Tuesday, June 1, 2010

In which my friend Ilene makes sure my dead grandmother is made up appropriately for heaven

Those of you who read my other blog (this is the double-secret-probation blog that only certain people in my life are allowed to know about, although non-relations and blog friends old and new are very welcome) have already seen this story, but I'm lazy today.

I push through the chattering crowd to the coffin. My grandmother lies there, still, a rosary laced through her clasped hands. She has a ring on almost every finger and her long nails are perfectly painted crimson. Eyeshadow, rouge, lipstick. All tastefully done. She doesn’t look bad for a woman of 96.

But something is wrong. I stare, trying to figure it out.

Her lipstick. It is a tasteful, pale, soft, barely-there pink.

I have never seen her in tasteful, pale, soft, barely-there pink in my entire life.

Imagine soft pink lips pursed around a Virginia Slims held between red-tipped fingers. Letting loose some choice words as the owner, clad in her new fur coat, slipped and fell on the calf manure covered tailgate from Uncle Butch’s cattle truck that my dad and his cousins had dragged onto the sidewalk as a Halloween prank. Drinking a beer straight from the bottle. Praying for a safe journey as she touched the little St Christopher statue on the dashboard on our way to Shopko so I could spend the dollar she gave me. Reading The National Enquirer at the grocery checkout.

You can’t.

Those lips have to be red, red, red. And not a tasteful red.

The funeral home had obviously not known my grandmother.

I call my cousin, my sister, my mother and my aunt over.

“Look at her lipstick! It’s all wrong!”

Aunt Pat agrees. “When I cleaned out her room, I found 12 tubes of lipstick, all red. Dark red.”

We decide we have to do something.

“Does anyone have any red lipstick?” I ask.

We all dig into our purses.

My friend Ilene triumphantly yanks a tube of red from her bag.

We pause as we think about the next step. We have the lipstick, but do we have the will to put it on a dead woman? Is it appropriate to touch up the makeup of a corpse? What if we get in trouble? Could the owner touch the lipstick to her own lips again?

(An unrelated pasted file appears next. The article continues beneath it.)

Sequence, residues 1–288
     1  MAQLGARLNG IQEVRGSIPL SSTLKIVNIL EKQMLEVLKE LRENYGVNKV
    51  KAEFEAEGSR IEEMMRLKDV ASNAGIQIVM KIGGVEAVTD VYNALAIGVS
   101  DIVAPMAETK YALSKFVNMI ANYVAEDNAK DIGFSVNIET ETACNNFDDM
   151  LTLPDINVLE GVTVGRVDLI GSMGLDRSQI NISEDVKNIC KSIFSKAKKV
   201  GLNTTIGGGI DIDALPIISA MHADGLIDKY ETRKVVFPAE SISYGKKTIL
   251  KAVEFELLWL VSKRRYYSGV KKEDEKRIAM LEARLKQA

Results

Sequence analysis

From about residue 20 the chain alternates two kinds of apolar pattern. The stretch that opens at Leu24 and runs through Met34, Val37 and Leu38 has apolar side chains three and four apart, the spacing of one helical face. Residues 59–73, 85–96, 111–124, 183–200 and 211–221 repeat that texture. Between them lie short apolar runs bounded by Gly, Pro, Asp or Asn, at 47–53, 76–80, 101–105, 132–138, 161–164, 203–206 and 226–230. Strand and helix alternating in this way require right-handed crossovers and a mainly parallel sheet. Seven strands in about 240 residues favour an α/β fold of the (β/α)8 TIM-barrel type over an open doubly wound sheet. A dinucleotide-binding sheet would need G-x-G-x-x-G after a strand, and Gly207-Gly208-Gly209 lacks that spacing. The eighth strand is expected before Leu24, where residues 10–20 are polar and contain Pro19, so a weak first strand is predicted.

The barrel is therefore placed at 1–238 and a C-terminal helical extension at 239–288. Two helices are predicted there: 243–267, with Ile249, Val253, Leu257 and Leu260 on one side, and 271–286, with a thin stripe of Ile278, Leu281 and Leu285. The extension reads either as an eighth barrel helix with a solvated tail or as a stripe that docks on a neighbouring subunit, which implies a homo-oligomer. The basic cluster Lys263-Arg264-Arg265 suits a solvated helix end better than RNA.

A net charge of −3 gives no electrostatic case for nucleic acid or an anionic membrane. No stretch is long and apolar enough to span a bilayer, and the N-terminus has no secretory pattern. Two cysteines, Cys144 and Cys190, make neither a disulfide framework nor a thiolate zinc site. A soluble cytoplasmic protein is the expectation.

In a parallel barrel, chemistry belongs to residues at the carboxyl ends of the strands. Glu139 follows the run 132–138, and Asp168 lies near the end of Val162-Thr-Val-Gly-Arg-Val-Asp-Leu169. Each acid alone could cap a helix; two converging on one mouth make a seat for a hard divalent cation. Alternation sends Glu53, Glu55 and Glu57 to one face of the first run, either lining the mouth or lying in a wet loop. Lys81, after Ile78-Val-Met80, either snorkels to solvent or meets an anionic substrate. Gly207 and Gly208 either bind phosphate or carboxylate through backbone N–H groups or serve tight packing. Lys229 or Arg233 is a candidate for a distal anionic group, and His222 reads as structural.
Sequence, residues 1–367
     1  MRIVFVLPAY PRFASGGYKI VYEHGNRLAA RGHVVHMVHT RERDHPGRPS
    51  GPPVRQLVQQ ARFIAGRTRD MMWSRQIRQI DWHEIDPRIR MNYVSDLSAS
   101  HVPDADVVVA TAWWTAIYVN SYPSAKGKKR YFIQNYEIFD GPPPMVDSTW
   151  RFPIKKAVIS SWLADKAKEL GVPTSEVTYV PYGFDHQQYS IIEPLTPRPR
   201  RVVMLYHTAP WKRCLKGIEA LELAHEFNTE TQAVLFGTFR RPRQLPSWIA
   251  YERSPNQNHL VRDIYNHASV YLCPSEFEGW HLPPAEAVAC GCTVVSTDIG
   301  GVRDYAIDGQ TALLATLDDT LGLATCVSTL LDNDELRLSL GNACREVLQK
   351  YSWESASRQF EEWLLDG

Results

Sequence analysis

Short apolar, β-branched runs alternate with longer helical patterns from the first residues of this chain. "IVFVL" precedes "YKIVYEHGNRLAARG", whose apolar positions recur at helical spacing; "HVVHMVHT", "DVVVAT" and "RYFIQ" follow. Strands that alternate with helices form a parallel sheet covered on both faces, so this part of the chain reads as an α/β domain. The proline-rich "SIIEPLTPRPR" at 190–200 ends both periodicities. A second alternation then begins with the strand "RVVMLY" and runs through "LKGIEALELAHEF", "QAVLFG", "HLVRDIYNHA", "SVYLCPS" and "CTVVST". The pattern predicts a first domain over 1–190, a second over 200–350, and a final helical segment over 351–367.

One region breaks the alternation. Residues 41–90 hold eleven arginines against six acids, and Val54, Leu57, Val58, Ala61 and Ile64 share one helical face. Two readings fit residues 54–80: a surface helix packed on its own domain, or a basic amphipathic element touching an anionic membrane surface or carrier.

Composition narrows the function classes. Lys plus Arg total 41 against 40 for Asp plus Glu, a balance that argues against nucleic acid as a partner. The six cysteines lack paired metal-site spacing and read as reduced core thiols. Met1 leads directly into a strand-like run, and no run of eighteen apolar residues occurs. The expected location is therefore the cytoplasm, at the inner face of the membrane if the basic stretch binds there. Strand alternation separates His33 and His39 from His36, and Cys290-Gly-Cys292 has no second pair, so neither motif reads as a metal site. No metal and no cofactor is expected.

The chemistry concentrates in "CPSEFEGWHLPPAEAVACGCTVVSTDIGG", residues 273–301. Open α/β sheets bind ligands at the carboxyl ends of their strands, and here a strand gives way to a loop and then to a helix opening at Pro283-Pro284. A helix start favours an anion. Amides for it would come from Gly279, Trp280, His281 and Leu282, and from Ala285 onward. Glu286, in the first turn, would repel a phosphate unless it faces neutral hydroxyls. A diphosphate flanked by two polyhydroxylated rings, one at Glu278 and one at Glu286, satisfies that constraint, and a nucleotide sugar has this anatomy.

“Grampa Al won’t know her without her red lipstick,” my mom says.

It is essential.

“I’ll do it,” Ilene, a pediatrician, says. “I had to touch dead bodies in med school.”

When Ilene finishes, Granma looks just like herself. She can rest in peace.


  1. I love stories about people making the body look the way it's supposed to. My ex said they whipped out a comb at his dad's wake and reparted and fixed his hair. Then they all laughed which eased the tension.

  2. What a fantastic story, and really what a way to honor your grandmother. She probably went on her way to heaven after you put the red lipstick on her. This story makes me want to pay attention to the details while people are alive. Here's to red lipstick. Thanks for telling the story again!

  3. There was nearly a brawl at my great-grandma's casket. She had her glasses on. Who puts glasses on a dead person? My grandfather and one of his brothers didn't like that. Their sisters and the other brother said she "didn't. look right without them." They argued about it for two days. Loudly. Finally, they are about to close the casket, my uncleyells out"Wait!" He jumps up, runs to the casket, yanks off Big Gramma's glasses, and drops them in the casket. He turns to all of us and says "I just can't stand the thought of my mama spending eternity in those glasses!"


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